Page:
Safety and security director returns home

October 8, 2010 Feature Print Print
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File Photo/Pioneer
Ike Sloas
Director of Safety & Security

Safety and Security Director Ike Sloas resigned at the end of September after six years of serving in his position.

Sloas said he has taken on a new position as security director for Rhodes College in Memphis, Tenn.

He said his family played a large part in his decision to leave OCCC.

“I grew up in Tennessee,” Sloas said.

“My family and my wife’s family still live there, within an hour of downtown.

“When we visited them on weekends before, it was seven hours of driving, one exhausted day with them, and seven hours of more driving.”

Now, Sloas said, he looks forward to spend-ing more time with his parents and in-laws.

“All we have to do is drive an hour and we can go to church together on Sundays,” he said.

When he came to OCCC in 2005, Sloas said, campus crime was rising at an alarming rate.

“We had many more burglaries, vehicle thefts and even cases of assault (than we do now,)” he said.

Since then, Sloas said, crime at OCCC has continued to decline over the years, including a record low for 2008.

John Boyd, vice president of business and finance, said as a result of Sloas’s leadership, the statistics in terms of automobile thefts, car break-ins, and assaults show few incidents.

Boyd said surveillance camera security is something that was developed and implemented by Sloas.

“The college is indebted to Ike for the service that he provided in the time he has been here,” Boyd said.

“Our overall crimes or altercations on the campus really are very minimal and I think it is in large part attributable to the fact that we have a security camera just about everywhere,” Boyd said.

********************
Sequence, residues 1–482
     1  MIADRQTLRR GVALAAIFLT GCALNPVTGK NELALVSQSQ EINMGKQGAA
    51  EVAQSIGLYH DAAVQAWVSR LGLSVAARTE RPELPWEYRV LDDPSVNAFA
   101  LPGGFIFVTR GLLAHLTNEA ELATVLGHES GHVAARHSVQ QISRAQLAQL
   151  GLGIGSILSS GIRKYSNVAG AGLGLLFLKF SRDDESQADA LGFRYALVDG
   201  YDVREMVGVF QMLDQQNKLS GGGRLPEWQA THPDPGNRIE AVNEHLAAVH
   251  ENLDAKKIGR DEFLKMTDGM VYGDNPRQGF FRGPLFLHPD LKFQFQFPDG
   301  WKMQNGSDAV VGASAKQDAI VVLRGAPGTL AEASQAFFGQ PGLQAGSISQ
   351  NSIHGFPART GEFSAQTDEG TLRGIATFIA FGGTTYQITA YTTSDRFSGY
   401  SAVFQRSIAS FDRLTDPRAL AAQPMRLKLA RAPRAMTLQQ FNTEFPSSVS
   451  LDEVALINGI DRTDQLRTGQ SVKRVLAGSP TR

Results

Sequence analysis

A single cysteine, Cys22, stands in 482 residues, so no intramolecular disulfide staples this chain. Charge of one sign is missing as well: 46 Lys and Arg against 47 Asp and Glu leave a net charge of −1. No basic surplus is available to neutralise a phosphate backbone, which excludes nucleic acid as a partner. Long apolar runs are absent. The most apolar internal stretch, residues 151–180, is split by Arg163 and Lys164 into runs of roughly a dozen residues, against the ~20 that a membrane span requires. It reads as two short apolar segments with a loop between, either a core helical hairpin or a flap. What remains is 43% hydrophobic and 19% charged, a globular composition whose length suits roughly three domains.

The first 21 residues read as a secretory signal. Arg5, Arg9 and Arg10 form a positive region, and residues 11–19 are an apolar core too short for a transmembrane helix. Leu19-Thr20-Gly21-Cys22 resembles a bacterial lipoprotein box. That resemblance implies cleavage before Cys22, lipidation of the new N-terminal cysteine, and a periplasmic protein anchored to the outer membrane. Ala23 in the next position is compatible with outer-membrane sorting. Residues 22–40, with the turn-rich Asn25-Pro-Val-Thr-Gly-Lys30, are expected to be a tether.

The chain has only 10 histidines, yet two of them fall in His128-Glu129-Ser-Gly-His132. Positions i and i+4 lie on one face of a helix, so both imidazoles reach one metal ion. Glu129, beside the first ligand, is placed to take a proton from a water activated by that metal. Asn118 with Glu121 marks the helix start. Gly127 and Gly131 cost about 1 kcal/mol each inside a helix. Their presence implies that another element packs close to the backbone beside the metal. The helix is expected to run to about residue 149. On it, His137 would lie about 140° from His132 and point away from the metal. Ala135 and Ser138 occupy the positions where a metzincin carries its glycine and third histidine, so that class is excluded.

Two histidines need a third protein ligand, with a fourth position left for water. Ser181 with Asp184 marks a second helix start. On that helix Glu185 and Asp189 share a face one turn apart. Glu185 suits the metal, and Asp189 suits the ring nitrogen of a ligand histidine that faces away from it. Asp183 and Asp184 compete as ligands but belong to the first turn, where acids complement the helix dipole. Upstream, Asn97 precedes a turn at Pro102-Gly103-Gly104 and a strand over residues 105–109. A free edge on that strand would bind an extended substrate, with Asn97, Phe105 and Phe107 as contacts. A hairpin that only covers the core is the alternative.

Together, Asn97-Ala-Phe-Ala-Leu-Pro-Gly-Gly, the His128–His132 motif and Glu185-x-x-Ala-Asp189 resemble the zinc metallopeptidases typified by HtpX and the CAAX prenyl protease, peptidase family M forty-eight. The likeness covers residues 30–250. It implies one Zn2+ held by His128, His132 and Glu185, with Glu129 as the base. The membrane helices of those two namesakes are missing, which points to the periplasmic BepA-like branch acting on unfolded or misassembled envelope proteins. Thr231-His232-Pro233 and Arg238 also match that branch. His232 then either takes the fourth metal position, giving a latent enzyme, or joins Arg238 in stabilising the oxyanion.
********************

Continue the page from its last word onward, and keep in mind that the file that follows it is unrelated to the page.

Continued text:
Sloas said crime statistics for 2009, due out sometime next week, are even better.

“We have made great progress,” Sloas said.

“I believe there is a direct relation between our decreased crime numbers and the work my staff has done.”

He said he feels very comfortable leaving the safety of OCCC in the hands of his staff.

“During this year’s arts festival, we had a tent collapse,” Sloas said.

“I was in Memphis at the time, but when I received word of the accident, I didn’t panic because I knew my staff was trained and capable of managing anything.”

After the accident, which hospitalized three festival patrons and injured several more, Sloas said he received e-mails from Oklahoma City police and fire departments commending the quick actions of OCCC security officers.

“I am very satisfied with our emergency response,” Sloas said.

“The atmosphere here (at OCCC) has never been better. I know I’m leaving the department and college safer.”

Besides OCCC and Rhodes College, Sloas said, he has worked on several other college campuses over the years, including Arkansas State University and Albany State University in Georgia.

Sloas began his policing career in 1991 as a sheriff’s deputy in Arkansas.

“I like the atmosphere,” he said. “With college police work, you can really see the impact.

“You get close to the students and staff and you can see firsthand what your efforts have done.”

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